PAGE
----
Josephine C. Lavin
A Mother Behind It All
As a young woman in the 1930s, she was a female athlete – basketball – long before women did that sort of thing.
In college, where she was both class president and honors student, she was a math major – long before many women studied such things.
But it was the choice she made just after World War II that defined the life of Josephine Crawford Lavin. After the war, she married Thomas Francis Lavin, a returning soldier boy from across her northern Manhattan street.
Over the next 13 years, Ms. Lavin gave her husband nine children. Under her guidance, all would go on to graduate from college, more than one tutored by Mom through the rigors of algebra and trigonometry around the evening homework table.
“She was a musician, an artist, a mathematician. There were so many things should could have done in life,” said her eldest son Greg Lavin of Geneva. “But she chose to raise a family. And kid by kid you can see her in all of us.”
Josephine Lavin passed away peacefully on November 16, 2018 at the Geneva Living Center South. She was 99.
Much of motherhood is private, seen only by those on the inside of a family. For the nine Lavin children, there was no secret as to the success of this family. While their father, Thomas Francis Lavin, for a time vice principal of DeSales High School, was a gregarious and very public figure, a disciplinarian who worked for more than 25 years as “Major Lavin” at a military high school, it was, all agreed, “Mom” who brought order and humanity to the chaos always at the door of a family this large.
“Dad was a military guy, always ready to pass judgment and mete out punishments,” said Tom Lavin Jr. the third of the nine children. “Mom would quietly get him to think a bit more, weigh out the facts of a dispute between kids. Not to be too judgmental of their life choices. She didn’t contradict him. She rounded him out.”
When Greg and Tom – the two eldest Lavin boys – chose different paths during the Vietnam War, Jody Lavin would recount years later how she and her military husband laid in bed at night and talked through the challenges. Greg had chosen to go to prison rather than serve; Tom Jr. enlisted and went to Vietnam. Tom Sr. was embarrassed to have a son in jail, standing against the country’s law. Jody Lavin, however, saw the merits of both her son’s choices. In time, the family, including the boys’ father, came to see it her way.
“People who got to know my mother knew she was simply a kind woman, above gossip and exuding kindness to all,” Greg Lavin said. “Even throughout her later years, as she was struck by the kind of dementia that causes anger in so many, she always remained pleasant.”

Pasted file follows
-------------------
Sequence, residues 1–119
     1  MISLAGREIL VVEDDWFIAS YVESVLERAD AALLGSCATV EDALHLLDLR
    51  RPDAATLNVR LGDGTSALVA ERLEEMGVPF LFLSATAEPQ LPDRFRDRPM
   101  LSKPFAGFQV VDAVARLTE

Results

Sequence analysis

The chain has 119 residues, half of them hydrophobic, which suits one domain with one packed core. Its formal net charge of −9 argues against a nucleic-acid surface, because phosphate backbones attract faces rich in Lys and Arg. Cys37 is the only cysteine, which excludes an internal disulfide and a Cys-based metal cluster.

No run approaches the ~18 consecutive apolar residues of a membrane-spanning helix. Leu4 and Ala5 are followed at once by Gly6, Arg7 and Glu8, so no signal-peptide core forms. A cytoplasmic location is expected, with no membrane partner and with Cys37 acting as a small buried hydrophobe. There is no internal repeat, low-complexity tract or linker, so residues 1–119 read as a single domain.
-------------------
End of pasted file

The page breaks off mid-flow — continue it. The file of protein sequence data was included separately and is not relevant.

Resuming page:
For the last four years she was resident of the Living Center South at Geneva General Hospital where she entertained on the piano while she was able and maintained friendships that literally had to be restarted every day as dementia stole her short-term memory. She was a devout Catholic and sang in the St. Stephen’s Church Choir for years. To her final days, friends from her church visited and kindly reminded her of their earlier life.
Josephine Crawford was born August 17, 1919 at her family’s home in Manhattan. She was the daughter of Charlotte and N.Y. Supreme Court Judge Thomas Crawford. In her youngest years, the family was forced to move when their home was condemned to make way for the George Washington Bridge. The second of seven siblings, she was a graduate of Incarnation High School and earned her college degree at the College of Mt. Saint Vincent.
The Lavin family lived for years on the campus of Peekskill Military Academy in the Hudson Valley before moving to Lakemont Academy in Yates County and eventually, in 1970, to Geneva. In Geneva, Ms. Lavin taught English for a short time at DeSales High School and later worked as a bookkeeper for a local auto parts store. She was a regular volunteer at the Geneva Center of Concern and authored that organization’s official history.
But it was clearly the children she birthed and raised that remained the focus of her life. One daughter, Christine Lavin, was allowed in 1969 to take the only family car and begin a folk singing tour through the Midwest that eventually led to a career in music. She still performs across the U.S. today. A daughter, Jody Jr., was an All-American basketball player at the University of Rochester and went on to coach at Georgetown University and in the Olympic system. The other Lavins – a journalist, post office manager, psychiatric social worker, nurse practitioner, Cornell scientist and school teachers – all pursued lives influenced in their earliest years by their Mom’s love of books, her mastery of Latin and her care for public service.
She is survived by three of her six sisters Mary Adele O’Neill of New York, Patricia Crawford Brown of California, and Ann Storz of Connecticut; nine children Louise Lavin of Bakersfield, Calif., Greg Lavin of Geneva, Thomas Lavin of Rochester, Christine Lavin of New York City, Edward Lavin of Geneva, James Lavin of Chicago, Mary Lavin Slothower of Rochester, Christopher Lavin of Geneva and Jody Lavin Patrick of Vienna, Va.;16 grandchildren as well as scores of nieces and nephews and extended family and friends.
The Lavin family would like to extend thanks and gratitude to the staff of Geneva Living Center South for the exemplary care they provided to Josephine in the final stage of her long and productive life.
A community celebration of Josephine’s life is being planned and the date, time and location will be announced.
In lieu of flowers, the family suggests contributions in her memory be made to the Boys & Girls Club of Geneva or the Geneva Center of Concern.